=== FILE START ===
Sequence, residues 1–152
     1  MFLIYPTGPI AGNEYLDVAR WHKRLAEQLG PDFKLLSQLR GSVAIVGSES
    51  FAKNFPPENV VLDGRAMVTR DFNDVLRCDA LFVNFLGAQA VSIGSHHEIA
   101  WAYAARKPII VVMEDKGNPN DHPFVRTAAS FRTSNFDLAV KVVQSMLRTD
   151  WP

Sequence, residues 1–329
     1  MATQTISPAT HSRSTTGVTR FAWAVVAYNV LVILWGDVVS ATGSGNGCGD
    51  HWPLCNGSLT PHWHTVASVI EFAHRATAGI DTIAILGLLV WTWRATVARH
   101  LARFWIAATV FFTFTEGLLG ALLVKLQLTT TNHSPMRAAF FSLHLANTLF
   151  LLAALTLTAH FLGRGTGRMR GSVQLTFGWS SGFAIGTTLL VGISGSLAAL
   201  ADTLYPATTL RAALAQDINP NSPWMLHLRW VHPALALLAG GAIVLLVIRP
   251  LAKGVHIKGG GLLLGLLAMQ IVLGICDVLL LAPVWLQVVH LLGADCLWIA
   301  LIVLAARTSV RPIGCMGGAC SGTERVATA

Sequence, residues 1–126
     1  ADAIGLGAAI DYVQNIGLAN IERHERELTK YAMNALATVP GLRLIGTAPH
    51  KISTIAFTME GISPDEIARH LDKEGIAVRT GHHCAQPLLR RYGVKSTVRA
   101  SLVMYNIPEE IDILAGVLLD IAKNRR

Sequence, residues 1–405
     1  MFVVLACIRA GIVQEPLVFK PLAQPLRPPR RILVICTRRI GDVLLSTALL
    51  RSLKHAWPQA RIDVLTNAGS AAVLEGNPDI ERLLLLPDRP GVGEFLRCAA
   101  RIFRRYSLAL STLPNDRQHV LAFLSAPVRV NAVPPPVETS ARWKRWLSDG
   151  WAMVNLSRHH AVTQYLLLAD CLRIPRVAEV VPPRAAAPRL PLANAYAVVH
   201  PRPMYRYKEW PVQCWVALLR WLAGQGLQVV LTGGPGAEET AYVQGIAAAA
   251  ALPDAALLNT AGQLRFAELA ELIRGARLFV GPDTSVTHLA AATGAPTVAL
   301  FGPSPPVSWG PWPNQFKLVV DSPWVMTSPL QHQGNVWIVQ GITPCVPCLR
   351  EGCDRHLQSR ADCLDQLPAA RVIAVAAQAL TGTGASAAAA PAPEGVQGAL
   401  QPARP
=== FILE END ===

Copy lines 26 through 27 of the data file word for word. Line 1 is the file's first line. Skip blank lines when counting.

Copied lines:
   351  EGCDRHLQSR ADCLDQLPAA RVIAVAAQAL TGTGASAAAA PAPEGVQGAL
   401  QPARP